A new skills agenda for Europe: getting everyone digital

Succeeding online shouldn’t just be for the privileged few. We want all Europeans to benefit - and digital skills play a big role in this. Today, the European Commission launched its proposals for a new skills agenda and we welcome their plans. Digital skills, one focus area of the plans, make people more employable, are indispensable for many new jobs being created, and fuel economic growth.

At Google, we’re committed to ensuring Europeans have the right skills for this digital age. The process starts with projects like Digital Active in France, aimed at training young people looking for jobs. And we’ve partnered with more than 50 European universities to train students. Our initiatives across 25 European countries result in stories like the Italian Levaggi brothers, who have been making handcrafted chairs for over half a century and increased overseas exports by 30% in major markets after completing our digital skills training.

We’ve made a commitment to train 2 million Europeans in digital skills and are a proud member of the European Commission’s Grand Coalition for Digital Jobs. A rounded education should prepare young people for online life -- it's as essential as literacy and numeracy. And it should be accessible to everyone: we’re particularly pleased that more than 40% of participants in our online workshops so far have been women. And it’s not just for the young - for instance in The Netherlands, of the thousands of people that attended training sessions in Dutch cities, over half are older than 45 years.

We believe all this dovetails with the aims set out by the European Commission. Europe is looking to the future, and good digital skills give people the tools to excel in their jobs, start their own businesses and fully participate in contemporary life.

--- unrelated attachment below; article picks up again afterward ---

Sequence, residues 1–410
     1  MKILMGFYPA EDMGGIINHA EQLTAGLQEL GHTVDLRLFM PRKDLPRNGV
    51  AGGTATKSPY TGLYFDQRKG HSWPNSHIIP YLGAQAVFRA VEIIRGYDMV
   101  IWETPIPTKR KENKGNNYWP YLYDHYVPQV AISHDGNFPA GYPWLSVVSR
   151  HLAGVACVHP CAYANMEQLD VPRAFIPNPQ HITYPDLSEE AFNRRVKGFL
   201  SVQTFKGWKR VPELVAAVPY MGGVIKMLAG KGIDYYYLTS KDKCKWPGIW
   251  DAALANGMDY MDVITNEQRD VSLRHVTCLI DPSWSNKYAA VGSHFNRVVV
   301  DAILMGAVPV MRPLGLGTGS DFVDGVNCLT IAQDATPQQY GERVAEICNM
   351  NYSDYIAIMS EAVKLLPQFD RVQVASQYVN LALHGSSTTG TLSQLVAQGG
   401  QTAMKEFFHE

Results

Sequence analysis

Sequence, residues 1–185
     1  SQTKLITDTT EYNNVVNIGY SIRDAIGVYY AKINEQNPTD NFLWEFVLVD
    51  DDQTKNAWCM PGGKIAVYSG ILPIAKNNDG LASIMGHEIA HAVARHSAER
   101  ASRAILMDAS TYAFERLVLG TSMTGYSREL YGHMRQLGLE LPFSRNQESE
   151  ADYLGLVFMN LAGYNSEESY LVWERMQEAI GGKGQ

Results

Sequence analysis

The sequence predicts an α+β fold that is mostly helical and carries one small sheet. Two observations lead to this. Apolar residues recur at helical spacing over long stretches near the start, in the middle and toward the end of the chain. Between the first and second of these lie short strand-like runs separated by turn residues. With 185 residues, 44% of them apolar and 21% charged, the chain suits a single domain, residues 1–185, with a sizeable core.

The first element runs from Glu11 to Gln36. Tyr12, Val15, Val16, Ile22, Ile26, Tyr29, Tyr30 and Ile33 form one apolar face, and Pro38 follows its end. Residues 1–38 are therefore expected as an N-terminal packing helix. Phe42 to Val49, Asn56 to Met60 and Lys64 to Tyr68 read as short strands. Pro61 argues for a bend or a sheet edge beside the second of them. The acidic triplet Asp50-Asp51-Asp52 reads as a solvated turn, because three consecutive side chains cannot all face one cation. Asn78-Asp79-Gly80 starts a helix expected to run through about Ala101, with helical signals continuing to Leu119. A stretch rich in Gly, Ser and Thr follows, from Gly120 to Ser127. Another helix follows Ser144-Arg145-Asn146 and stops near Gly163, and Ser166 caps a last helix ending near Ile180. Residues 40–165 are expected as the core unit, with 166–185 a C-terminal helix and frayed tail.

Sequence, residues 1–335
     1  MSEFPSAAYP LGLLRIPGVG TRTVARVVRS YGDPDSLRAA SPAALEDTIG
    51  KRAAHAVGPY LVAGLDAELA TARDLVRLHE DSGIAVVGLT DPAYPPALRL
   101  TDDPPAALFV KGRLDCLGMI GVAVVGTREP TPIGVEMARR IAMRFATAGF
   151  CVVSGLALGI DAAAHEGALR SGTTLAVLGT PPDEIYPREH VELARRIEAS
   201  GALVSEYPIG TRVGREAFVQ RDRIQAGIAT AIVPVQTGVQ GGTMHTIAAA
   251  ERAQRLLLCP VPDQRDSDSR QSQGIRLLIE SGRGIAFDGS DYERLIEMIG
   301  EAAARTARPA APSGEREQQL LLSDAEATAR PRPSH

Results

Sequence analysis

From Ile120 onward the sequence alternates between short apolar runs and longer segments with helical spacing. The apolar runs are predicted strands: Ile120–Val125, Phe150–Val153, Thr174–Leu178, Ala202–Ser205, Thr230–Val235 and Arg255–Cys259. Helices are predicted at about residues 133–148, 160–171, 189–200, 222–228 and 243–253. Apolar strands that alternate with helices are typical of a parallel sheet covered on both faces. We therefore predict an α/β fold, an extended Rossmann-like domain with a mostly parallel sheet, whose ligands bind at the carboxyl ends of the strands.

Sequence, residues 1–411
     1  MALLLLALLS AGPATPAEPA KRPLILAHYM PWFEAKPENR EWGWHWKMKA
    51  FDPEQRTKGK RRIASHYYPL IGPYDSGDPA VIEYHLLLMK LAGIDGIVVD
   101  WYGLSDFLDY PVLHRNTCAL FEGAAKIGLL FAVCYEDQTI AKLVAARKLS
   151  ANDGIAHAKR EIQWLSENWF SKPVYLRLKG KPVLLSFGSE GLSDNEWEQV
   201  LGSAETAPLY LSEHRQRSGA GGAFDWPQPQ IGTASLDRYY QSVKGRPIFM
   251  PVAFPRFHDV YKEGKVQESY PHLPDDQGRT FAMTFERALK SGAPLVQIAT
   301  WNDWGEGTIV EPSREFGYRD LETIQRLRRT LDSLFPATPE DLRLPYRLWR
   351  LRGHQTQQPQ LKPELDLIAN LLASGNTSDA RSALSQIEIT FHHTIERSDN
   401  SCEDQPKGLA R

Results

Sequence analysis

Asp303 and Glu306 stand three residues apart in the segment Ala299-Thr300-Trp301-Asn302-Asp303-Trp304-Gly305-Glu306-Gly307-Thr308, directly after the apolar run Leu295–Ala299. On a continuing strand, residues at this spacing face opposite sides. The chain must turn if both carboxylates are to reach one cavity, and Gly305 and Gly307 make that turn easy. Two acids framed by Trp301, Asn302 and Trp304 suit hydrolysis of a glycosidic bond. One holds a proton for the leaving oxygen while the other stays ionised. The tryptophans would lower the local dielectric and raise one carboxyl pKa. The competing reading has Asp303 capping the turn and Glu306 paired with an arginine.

As emphasized in this recent report by BCG, we need to get better at matching the skills of the workforce with the skills required in new jobs. That is key to making the most out of the digital opportunity. We want to contribute to more stories like the ones above, and are creating various programmes to nurture them. We welcome the Commission's proposals and look forward to working with the next generation of digitally-skilled Europeans.

Our commitment to fighting illegal hate speech online

In the offline world, it’s usually clear what is acceptable behaviour and what is not. Those boundaries are just as important online, which is why today, together with the European Commission, Facebook, Microsoft and Twitter we signed a Code of Conduct which will help combat the spread of illegal hate speech online in Europe.

We’re committed to tackling this important issue. We have always prohibited illegal hate speech on our platforms, and we have Community Guidelines that set the rules of the road on YouTube, including prohibitions on hate speech, terrorist recruitment and incitement to violence.

European Justice Commissioner Vĕra Jourová (center) signed the Code of Conduct, as did representatives from (l to r) Twitter, Facebook, Microsoft and Google

We’ve built efficient systems to review the majority of valid notifications in less than 24 hours, and to remove illegal content. We also cooperate with legal process so that governments are able to do their investigatory work and request removal of information that may violate local law. Beyond review processes, we also support NGOs working on counterspeech initiatives.

We welcome the Commission’s commitment to developing self-regulatory approaches to fighting hate speech online. We look forward to working with them and civil society groups to fight illegal content online, improve the experience online for our users, and ensure that there is no space on our platforms for hateful content.